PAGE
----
Did anybody watch 20/20 on Friday before Memorial Day Weekend? The segment about revenge had one clear message, forgiveness. This is an appropriate message for a Memorial Day weekend.
Forgiveness is a challenge in a society that celebrates revenge; good conquering apparent evil in a grand fashion. Revenge with a tremendous amount of violence is the premise of most movies and television shows. It permeates our culture, at home, at work, in the lunch room, on the playground, on the playing field, and during the commute to and from work. It is the dark side of competition in American Society.
Revenge is the absence of forgiveness. It is the energy that drives separation and isolation among people and among cultures. It is the fuel of murder, war, and persecution.
Forgiveness can conquer all of this. Positive energy is always more powerful than negative energy. You will never jump start your car by hooking your battery to the negative pole of a donor battery and connecting the positive to ground.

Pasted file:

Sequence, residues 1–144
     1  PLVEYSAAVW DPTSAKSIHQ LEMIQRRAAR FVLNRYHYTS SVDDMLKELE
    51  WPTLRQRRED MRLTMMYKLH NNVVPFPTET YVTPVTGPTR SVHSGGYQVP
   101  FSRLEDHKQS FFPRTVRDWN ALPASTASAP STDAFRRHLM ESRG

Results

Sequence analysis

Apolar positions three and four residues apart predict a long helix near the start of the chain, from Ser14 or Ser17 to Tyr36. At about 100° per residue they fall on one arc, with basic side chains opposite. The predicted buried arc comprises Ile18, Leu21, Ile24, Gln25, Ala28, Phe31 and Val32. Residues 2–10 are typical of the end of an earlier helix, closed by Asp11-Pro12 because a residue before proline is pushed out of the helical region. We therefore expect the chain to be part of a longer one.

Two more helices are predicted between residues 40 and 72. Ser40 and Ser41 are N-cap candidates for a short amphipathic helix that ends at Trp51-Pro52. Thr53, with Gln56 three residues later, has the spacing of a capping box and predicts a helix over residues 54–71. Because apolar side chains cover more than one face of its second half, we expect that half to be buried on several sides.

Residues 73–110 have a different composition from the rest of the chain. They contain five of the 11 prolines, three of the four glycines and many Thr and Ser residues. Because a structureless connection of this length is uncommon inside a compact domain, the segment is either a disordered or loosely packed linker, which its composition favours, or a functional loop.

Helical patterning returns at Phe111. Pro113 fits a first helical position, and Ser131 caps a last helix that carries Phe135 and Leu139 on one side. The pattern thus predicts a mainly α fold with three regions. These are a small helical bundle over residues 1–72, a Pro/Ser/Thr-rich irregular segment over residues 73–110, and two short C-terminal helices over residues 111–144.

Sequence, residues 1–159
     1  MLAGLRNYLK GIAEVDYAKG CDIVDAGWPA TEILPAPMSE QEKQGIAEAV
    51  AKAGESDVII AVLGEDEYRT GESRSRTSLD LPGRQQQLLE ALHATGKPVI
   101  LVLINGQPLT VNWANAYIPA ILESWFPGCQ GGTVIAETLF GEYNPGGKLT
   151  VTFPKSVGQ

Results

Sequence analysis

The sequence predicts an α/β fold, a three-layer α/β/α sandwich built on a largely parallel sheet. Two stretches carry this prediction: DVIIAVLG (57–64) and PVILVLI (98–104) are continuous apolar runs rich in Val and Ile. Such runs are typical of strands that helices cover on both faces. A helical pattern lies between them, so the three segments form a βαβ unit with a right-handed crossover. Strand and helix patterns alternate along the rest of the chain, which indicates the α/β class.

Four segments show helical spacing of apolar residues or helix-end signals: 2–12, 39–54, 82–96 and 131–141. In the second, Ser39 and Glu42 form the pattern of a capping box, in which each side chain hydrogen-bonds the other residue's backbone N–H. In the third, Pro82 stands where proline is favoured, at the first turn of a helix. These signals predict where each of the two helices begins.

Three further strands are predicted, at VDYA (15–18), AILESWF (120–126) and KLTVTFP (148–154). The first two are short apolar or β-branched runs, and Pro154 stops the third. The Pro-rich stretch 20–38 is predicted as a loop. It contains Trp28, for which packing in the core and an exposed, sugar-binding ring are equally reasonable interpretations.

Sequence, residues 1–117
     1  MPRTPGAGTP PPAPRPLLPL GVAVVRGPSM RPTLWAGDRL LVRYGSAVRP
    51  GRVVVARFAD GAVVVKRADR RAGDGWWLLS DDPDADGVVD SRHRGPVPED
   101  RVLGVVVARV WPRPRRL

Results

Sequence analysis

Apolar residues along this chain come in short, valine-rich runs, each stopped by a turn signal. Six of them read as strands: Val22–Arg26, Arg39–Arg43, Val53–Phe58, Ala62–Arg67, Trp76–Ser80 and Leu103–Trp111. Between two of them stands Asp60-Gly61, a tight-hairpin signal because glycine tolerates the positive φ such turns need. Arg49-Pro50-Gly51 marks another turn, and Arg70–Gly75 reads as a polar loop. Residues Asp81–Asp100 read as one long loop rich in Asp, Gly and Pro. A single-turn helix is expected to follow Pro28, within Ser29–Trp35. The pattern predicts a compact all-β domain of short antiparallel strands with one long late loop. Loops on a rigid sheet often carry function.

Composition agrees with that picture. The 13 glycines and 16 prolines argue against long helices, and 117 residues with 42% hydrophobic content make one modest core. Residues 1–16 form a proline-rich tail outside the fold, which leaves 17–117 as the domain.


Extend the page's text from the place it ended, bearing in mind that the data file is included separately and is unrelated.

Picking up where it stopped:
We all seem to know this intuitively, but putting it into practice after a lifetime of revenge thoughts and behaviors is at first difficult. We may have learned this inefficient behavior unconsciously by simply absorbing and mirroring our environment. To change requires consciousness; not allowing habits to rule your thoughts and hence your behavior.
The first person you should forgive is yourself. Only if you have infinite forgiveness for yourself can you forgive those around you. In other words, don’t be so hard on yourself. The more gentle and kind you are to yourself, the more you have to offer everybody and everything you come in contact with.
Especially practice this with your family. Turn off the TV and movies that perpetuate this revenge mentality. Teach yourself and your children to forgive and practice it with them every day at home, on the playing field, and with neighbors. We can spend all that energy wasted on thoughts of revenge to live a richer life right now.
It reminds me of the Amish community who immediately forgave the man who shot and killed their children at school several years ago. Their forgiveness overpowered the act of violence and rage.
Forgiveness allows us to live in the infinity of NOW, letting go of the past and the future. It relieves us of the feelings of disappointment, revenge, and anxiety that go along with living outside of this moment.
It starts with you. One person’s forgiveness can stop wars. Embrace forgiveness and you embrace eternal peace.